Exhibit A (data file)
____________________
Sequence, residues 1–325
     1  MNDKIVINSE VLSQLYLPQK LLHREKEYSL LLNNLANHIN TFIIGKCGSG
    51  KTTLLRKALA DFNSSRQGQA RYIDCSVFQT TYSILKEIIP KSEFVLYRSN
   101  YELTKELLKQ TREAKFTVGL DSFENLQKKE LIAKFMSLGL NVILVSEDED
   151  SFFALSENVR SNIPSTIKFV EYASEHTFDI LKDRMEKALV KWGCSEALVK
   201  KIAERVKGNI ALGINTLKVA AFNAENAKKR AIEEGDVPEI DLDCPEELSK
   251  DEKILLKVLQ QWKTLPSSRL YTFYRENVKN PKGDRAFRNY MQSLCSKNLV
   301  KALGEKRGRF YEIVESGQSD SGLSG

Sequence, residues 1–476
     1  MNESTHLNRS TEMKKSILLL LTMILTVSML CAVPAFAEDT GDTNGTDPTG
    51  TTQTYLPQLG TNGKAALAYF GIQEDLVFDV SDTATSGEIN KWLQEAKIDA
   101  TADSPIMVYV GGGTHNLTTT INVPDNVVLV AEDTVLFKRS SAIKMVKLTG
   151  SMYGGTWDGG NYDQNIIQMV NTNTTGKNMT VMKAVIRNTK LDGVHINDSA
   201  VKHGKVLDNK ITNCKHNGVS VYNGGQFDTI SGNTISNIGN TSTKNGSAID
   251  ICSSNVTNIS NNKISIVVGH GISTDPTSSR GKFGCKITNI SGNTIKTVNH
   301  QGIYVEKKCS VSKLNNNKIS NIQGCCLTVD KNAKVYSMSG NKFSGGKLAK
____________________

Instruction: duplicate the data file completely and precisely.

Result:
Sequence, residues 1–325
     1  MNDKIVINSE VLSQLYLPQK LLHREKEYSL LLNNLANHIN TFIIGKCGSG
    51  KTTLLRKALA DFNSSRQGQA RYIDCSVFQT TYSILKEIIP KSEFVLYRSN
   101  YELTKELLKQ TREAKFTVGL DSFENLQKKE LIAKFMSLGL NVILVSEDED
   151  SFFALSENVR SNIPSTIKFV EYASEHTFDI LKDRMEKALV KWGCSEALVK
   201  KIAERVKGNI ALGINTLKVA AFNAENAKKR AIEEGDVPEI DLDCPEELSK
   251  DEKILLKVLQ QWKTLPSSRL YTFYRENVKN PKGDRAFRNY MQSLCSKNLV
   301  KALGEKRGRF YEIVESGQSD SGLSG

Sequence, residues 1–476
     1  MNESTHLNRS TEMKKSILLL LTMILTVSML CAVPAFAEDT GDTNGTDPTG
    51  TTQTYLPQLG TNGKAALAYF GIQEDLVFDV SDTATSGEIN KWLQEAKIDA
   101  TADSPIMVYV GGGTHNLTTT INVPDNVVLV AEDTVLFKRS SAIKMVKLTG
   151  SMYGGTWDGG NYDQNIIQMV NTNTTGKNMT VMKAVIRNTK LDGVHINDSA
   201  VKHGKVLDNK ITNCKHNGVS VYNGGQFDTI SGNTISNIGN TSTKNGSAID
   251  ICSSNVTNIS NNKISIVVGH GISTDPTSSR GKFGCKITNI SGNTIKTVNH
   301  QGIYVEKKCS VSKLNNNKIS NIQGCCLTVD KNAKVYSMSG NKFSGGKLAK